Thus, the onus is on the defendant to establish on a balance of probabilities that the money transferred to her is a gift. Common-law relationships or romantic friendships do not give rise to a presumption of gift: Zachariadis Estate v. Giannopoulos, 2019 ONSC 6505, 2019 CanLII 6505 (Ont. S.C.), at para. 68. The court must look at all the circumstances to see if the requirements of a gift have been met. Three requirements are necessary to establish a valid gift inter vivos: (i) an intention to donate; (ii) a sufficient act of delivery; and (iii) acceptance of the gift.
 As stated by the Court of Appeal in Chechui v. Nieman, 2017 ONCA 669, 136 O.R. (3d) 705, at paras. 59-60, the onus is on the recipient of the money to show that the transferor intended at the time of the transfer that the monies be a gift:
The Supreme Court emphasized in Kerr, at paras. 18 and 19, citing its earlier decision in Pecore v. Pecore,  1 S.C.R. 795,  S.C.J. No. 17, 2007 SCC 17, at paras. 43-44 and 24, that in situations involving gratuitous transfers, as in this case, the governing consideration is the transferor's actual intention. The intention of the transferor alone counts, as “[t]he point of the resulting trust is that the claimant is asking for his or her own property back”: Kerr, at para. 25. As Rothstein J. explained in Pecore, at para. 44, in such cases,
The trial judge will commence his or her inquiry with the applicable presumption and will weigh all of the evidence in an attempt to ascertain, on a balance of probabilities, the transferor's actual intention. [Emphasis added in Chechui v. Neiman.]
 More recently in MacIntyre v. Winter, the Court of Appeal again asserted that the onus is on the recipient, in this case the defendant, to establish on a balance of probabilities that the transferor intended for the monies to be a gift. After quoting from the Supreme Court of Canada in Kerr v. Baranow, 2011 SCC 10,  S.C.R. 269, Nordehimer J.A. stated:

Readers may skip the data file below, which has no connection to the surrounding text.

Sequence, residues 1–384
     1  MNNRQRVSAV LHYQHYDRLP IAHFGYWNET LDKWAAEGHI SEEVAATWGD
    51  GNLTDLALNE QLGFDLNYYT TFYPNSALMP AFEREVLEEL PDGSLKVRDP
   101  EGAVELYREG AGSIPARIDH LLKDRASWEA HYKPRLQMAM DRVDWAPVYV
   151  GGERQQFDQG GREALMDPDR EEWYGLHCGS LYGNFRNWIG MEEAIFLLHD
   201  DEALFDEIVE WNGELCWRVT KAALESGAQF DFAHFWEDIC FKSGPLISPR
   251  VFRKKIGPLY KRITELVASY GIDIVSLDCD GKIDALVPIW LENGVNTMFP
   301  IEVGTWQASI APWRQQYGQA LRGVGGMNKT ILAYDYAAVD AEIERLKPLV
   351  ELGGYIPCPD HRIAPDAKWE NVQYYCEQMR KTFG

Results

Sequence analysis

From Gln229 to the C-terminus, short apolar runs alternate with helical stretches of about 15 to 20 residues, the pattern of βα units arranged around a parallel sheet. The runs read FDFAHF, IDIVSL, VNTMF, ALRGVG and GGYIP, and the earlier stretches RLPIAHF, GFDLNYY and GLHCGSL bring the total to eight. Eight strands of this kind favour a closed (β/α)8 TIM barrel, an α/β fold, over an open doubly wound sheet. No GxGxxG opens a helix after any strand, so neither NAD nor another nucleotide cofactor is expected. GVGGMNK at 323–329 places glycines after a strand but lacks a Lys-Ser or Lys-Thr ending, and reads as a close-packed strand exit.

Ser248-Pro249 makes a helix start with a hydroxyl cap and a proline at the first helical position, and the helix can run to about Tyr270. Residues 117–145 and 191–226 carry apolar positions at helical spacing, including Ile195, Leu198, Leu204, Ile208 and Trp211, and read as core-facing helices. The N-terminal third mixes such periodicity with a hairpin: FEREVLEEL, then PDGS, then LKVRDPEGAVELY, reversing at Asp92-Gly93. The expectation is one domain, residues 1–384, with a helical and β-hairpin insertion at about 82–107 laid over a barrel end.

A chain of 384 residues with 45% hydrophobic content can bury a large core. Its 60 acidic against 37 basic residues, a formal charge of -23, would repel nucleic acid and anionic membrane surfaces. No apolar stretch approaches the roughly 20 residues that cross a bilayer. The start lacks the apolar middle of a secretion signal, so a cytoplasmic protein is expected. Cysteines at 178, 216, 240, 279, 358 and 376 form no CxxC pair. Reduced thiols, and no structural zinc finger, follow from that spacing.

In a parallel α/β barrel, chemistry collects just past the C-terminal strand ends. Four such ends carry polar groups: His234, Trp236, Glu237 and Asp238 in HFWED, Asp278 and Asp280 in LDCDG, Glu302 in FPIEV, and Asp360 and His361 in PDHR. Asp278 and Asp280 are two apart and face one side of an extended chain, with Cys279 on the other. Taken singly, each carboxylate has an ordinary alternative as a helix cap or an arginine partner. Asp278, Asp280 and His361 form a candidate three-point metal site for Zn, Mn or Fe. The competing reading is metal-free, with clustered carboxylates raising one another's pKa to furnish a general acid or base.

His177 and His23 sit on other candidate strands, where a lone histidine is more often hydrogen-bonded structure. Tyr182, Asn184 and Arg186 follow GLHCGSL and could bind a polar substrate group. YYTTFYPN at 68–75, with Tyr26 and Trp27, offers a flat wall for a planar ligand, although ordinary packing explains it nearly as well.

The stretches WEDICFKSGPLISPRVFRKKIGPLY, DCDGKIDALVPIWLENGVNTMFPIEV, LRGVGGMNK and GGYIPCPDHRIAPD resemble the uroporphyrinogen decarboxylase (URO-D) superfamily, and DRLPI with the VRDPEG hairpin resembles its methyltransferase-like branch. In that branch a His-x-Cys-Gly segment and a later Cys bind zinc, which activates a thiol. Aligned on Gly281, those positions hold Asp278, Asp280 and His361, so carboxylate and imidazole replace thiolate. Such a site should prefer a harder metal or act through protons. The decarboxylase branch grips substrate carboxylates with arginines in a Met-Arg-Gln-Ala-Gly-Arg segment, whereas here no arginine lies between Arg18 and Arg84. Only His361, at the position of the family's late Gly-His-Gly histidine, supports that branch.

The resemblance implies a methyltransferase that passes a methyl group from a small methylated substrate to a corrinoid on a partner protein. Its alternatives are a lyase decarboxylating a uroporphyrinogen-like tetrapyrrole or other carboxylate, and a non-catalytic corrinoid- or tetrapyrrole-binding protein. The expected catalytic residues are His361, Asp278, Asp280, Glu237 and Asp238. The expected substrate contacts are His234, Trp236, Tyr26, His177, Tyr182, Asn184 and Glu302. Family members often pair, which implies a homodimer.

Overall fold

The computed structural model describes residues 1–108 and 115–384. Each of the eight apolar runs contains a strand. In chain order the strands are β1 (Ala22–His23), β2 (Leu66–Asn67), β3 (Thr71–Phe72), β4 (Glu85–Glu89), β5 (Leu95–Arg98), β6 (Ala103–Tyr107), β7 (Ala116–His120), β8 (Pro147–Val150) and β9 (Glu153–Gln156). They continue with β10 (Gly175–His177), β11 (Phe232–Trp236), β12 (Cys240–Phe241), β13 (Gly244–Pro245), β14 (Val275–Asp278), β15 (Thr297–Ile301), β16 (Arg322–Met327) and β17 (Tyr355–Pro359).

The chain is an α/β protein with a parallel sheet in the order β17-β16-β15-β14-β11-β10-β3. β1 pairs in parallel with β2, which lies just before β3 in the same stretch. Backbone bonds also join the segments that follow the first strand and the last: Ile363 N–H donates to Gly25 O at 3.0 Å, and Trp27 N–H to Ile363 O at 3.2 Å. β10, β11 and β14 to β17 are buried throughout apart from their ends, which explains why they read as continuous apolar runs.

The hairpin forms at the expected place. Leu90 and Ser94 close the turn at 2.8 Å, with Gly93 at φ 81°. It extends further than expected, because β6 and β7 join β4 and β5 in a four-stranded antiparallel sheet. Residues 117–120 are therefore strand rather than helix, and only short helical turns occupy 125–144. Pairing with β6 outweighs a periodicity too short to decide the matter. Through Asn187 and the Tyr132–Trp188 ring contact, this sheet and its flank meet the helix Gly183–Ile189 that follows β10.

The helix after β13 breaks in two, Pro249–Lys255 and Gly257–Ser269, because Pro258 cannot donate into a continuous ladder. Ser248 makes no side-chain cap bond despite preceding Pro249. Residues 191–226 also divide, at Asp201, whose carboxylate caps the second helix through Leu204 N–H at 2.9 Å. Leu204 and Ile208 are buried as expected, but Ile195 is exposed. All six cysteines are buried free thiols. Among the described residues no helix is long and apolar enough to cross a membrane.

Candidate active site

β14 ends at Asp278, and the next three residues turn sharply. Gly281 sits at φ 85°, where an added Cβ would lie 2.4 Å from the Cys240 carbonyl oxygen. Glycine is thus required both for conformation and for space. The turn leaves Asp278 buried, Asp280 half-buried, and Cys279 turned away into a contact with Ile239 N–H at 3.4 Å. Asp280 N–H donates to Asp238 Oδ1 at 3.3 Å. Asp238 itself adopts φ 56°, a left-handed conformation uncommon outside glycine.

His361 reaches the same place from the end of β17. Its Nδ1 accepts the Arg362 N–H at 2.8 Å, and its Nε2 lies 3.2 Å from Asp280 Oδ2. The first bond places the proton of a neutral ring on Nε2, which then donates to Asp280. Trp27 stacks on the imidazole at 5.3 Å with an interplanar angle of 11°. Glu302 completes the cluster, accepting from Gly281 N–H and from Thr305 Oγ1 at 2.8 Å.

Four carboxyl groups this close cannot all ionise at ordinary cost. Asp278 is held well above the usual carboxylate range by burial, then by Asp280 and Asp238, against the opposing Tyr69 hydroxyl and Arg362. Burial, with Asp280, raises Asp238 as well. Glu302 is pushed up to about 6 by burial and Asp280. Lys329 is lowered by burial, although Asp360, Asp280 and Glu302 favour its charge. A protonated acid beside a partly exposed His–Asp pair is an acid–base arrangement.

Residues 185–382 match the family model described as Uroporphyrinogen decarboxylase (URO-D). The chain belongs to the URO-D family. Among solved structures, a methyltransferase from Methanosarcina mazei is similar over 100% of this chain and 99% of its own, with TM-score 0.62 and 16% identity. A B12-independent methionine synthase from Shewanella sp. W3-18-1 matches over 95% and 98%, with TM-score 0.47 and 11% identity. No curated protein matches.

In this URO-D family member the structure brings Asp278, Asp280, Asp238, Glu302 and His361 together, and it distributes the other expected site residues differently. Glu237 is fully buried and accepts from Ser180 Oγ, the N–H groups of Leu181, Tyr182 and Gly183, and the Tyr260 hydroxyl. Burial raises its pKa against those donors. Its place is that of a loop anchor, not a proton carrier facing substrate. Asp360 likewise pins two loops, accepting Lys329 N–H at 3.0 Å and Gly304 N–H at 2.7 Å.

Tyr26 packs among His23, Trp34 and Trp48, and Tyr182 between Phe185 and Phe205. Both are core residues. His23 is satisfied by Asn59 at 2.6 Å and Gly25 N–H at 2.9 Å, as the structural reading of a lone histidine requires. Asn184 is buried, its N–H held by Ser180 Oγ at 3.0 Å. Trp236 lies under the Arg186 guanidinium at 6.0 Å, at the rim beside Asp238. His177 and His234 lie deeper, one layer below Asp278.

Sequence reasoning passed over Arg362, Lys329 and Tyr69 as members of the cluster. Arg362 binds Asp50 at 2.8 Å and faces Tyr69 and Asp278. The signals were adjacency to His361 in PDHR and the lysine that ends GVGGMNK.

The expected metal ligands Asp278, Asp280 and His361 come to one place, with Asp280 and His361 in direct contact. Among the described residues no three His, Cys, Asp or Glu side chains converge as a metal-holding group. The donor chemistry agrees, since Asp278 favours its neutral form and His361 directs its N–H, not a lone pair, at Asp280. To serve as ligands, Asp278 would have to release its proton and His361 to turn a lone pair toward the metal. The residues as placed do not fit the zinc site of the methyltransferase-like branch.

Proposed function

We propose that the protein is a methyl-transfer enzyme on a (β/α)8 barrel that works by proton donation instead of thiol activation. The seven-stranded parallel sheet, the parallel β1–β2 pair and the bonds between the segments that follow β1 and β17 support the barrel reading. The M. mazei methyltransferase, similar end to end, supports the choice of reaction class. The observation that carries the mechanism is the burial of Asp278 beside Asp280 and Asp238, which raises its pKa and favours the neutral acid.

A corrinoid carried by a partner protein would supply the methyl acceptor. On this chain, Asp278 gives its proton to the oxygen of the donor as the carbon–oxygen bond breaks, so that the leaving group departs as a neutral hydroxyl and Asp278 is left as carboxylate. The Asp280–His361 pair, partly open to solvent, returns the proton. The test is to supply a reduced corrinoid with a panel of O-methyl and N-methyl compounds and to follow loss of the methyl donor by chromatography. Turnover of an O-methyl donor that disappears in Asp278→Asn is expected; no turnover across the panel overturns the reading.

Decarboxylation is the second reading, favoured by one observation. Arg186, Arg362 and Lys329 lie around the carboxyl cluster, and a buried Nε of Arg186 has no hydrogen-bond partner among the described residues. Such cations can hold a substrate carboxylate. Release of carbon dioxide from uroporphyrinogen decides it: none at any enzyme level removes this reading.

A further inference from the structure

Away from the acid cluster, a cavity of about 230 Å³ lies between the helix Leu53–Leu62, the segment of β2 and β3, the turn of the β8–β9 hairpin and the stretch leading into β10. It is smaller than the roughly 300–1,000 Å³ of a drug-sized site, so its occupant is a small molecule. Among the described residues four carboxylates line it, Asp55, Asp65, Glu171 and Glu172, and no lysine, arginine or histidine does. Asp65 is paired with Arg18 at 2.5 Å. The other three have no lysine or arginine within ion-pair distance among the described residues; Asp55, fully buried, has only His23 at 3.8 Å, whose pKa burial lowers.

On this point, the nature of the onus or burden that rests on Ron, in terms of rebutting the presumption, is the civil standard of a balance of probabilities. In other words, Ron must establish, on a balance of probabilities, that it was Alex's intention to gift these monies: Pecore, at para. 43. The standard of proof on a balance of probabilities requires "clear, convincing and cogent" evidence: F.H. v. McDougall, 2008 SCC 53,  3 S.C.R. 41, at para. 46.
 Further, it is the transferor’s actual intention at the time of transfer that is the critical consideration: Nishi v. Rascal Trucking Ltd., 2013 SCC 33,  2 S.C.R. 438, at paras. 2, 30, and 41.
 In Barber v. Magee, 2015 ONSC 8054, 2015 CanLII 8054 (Ont. S.C.), aff'd 2017 ONCA 558,  O.J. No. 3409 (C.A), Fitzpatrick J. set out a list of the factors to assess in determining whether the advancement of a sum of money is a gift or a loan. He stated at para. 42:
The courts in British Columbia have been helpful in suggesting factors to look to when determining a resulting trust claim. The British Columbia Supreme Court recently reviewed the caselaw in Byrne v. Byrne, 2015 BCSC 318, 57 R.F.L. (ih) 215. The Court in Byrne referenced the factors adopted by their Court of Appeal that ought to be reviewed when determining whether a gift or loan was intended: see Kuo v. Chu, 2009 BCCA 405, 180 A.C.W.S (2d) 903, citing Locke v. Locke, 2000 BCSC 1300,  B.C.J. No. 1850. Those factors are as follows:
a. Whether there were any contemporaneous documents evidencing a loan;
b. Whether the manner for repayment is specified;
c. Whether there is security held for the loan;
d. Whether there are advances to one child and not others or advances on equal amounts to various children;
e. Whether there has been any demand for payment before the separation of the parties;
f. Whether there has been any partial repayment; and,
g. Whether there was an expectation or likelihood of repayment.
When a couple within an unmarried relationship breaks up, a legal dispute over money provided during the relationship may occur. In such a situation, a presumption in law deems that the money, or other valuable thing, was intended as, and provided as, a loan and the requirement to prove that the money was other than a loan falls upon the person who received the money.Learn More About